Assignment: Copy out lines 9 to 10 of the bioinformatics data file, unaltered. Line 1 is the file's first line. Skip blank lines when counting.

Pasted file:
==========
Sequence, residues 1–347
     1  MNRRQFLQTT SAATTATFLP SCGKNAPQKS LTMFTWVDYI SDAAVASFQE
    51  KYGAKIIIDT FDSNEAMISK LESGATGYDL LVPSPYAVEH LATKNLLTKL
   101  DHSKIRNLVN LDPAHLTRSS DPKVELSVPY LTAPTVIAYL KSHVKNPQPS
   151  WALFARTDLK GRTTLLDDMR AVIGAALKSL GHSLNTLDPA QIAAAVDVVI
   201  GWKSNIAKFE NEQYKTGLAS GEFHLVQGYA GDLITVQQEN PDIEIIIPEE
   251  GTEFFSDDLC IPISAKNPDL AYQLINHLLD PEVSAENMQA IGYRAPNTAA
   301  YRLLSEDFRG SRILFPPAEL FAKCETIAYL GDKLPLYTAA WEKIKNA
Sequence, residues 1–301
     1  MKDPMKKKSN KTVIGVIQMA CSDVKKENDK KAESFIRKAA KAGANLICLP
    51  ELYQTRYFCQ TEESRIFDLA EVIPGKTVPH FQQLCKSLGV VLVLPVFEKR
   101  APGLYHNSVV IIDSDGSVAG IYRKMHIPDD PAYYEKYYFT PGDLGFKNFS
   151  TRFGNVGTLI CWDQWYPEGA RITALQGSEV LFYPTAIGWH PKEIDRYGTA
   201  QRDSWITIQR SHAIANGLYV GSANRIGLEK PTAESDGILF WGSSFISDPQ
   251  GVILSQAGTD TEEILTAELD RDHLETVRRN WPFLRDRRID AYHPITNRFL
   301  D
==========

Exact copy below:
Sequence, residues 1–301
     1  MKDPMKKKSN KTVIGVIQMA CSDVKKENDK KAESFIRKAA KAGANLICLP